How Esther Rolle Stood Up to Hollywood
The Emmy winner said, "I have never been given the chance I deserve in the mainstream industry. The never got beyond me as a maid."
Summer of my German Soldier was a worthy enough vehicle for Esther Rolle to win an Emmy (for outstanding supporting actress in a limited series or special), but the 1978 NBC telefilm didn't pass muster with The Hollywood Reporter.
"There was promising dramatic material buried within Summer of My German Soldier," read the review, "but the film failed to live up to its own expectations. Jane-Howard Hammerstein's script needed further beefing up to really engage our emotions."
Soldier, based on a 1973 novel by Bette Greene, centered on the relationship between a 13-year-old Southern Jewish girl (Kristy McNichol) and a young German soldier (Bruce Davison) who had escaped from an Arkansas POW camp during World War II. Rolle plays Ruth, a loving housekeeper who becomes the girl's only confidante.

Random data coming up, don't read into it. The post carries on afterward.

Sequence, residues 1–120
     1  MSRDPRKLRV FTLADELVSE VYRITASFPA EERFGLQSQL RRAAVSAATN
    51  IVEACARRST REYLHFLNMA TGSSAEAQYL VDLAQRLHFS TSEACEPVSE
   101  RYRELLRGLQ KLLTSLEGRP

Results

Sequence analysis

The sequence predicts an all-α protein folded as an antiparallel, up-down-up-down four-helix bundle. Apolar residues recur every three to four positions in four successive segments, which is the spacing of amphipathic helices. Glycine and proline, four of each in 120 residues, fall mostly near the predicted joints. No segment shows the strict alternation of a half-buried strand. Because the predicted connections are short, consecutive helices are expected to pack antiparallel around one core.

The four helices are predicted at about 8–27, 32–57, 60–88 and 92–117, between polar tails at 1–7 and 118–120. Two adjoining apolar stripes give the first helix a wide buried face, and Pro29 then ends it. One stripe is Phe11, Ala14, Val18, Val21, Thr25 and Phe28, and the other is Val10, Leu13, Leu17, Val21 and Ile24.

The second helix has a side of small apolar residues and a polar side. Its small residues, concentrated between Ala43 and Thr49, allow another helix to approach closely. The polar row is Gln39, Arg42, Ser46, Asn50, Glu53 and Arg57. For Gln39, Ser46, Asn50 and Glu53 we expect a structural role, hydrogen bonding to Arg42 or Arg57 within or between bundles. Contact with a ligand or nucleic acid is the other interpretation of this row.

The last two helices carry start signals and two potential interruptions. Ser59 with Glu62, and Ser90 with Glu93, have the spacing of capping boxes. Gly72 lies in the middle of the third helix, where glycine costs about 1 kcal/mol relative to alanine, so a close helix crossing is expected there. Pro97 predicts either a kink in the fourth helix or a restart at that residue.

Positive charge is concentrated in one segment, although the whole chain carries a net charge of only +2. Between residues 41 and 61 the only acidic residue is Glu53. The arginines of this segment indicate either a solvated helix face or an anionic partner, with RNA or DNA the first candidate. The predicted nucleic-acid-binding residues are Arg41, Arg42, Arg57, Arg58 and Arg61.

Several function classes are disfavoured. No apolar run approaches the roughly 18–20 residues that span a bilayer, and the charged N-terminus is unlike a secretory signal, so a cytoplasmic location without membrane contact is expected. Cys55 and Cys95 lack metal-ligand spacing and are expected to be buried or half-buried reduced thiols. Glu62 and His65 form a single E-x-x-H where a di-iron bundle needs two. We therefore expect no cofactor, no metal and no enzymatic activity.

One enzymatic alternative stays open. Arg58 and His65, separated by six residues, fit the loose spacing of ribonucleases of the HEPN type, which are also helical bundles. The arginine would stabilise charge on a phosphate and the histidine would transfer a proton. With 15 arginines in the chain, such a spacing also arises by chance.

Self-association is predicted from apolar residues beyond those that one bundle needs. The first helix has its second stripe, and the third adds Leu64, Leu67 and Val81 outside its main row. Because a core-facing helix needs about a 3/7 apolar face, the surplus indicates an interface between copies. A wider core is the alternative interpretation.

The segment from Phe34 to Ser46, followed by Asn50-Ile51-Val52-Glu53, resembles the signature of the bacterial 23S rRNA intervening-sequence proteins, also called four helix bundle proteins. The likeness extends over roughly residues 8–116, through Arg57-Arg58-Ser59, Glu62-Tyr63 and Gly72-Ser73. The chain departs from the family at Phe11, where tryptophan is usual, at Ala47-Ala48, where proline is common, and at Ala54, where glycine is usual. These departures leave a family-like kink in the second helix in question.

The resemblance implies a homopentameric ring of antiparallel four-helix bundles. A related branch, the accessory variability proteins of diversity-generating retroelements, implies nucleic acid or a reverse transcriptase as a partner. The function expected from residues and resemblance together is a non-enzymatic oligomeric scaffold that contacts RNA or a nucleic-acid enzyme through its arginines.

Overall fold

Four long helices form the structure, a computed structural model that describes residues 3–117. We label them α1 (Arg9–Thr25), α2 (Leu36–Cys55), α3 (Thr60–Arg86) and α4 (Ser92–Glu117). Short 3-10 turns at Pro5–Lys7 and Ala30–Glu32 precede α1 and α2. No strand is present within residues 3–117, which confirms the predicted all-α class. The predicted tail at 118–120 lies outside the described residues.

But while the telefilm marked Rolle's career high point in terms of awards, it was her portrayal of maid Florida Evans on the CBS sitcom Maude and its spinoff series Good Times that made her famous.
But Rolle, who had been in Blues for Mister Charlie on Broadway, didn't always fit smoothly in the TV sitcom world -- she clashed with the writers on Good Times, openly resenting the character of J.J. (played by Jimmie Walker with his "Dyn-o-mite!" expression), and she left the show because she said she did not "agree to do a clown show to degrade young black men."
Rolle died Nov. 17, 1998, at age 78 of diabetes.
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